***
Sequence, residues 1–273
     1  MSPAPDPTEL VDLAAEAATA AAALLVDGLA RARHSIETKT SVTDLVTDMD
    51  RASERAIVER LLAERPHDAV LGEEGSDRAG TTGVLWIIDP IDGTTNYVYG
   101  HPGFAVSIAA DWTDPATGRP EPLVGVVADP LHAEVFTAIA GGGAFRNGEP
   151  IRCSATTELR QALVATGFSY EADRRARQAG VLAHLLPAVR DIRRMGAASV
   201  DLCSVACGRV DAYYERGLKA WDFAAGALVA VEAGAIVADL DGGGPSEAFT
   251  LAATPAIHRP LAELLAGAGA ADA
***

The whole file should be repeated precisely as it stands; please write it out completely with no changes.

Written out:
Sequence, residues 1–273
     1  MSPAPDPTEL VDLAAEAATA AAALLVDGLA RARHSIETKT SVTDLVTDMD
    51  RASERAIVER LLAERPHDAV LGEEGSDRAG TTGVLWIIDP IDGTTNYVYG
   101  HPGFAVSIAA DWTDPATGRP EPLVGVVADP LHAEVFTAIA GGGAFRNGEP
   151  IRCSATTELR QALVATGFSY EADRRARQAG VLAHLLPAVR DIRRMGAASV
   201  DLCSVACGRV DAYYERGLKA WDFAAGALVA VEAGAIVADL DGGGPSEAFT
   251  LAATPAIHRP LAELLAGAGA ADA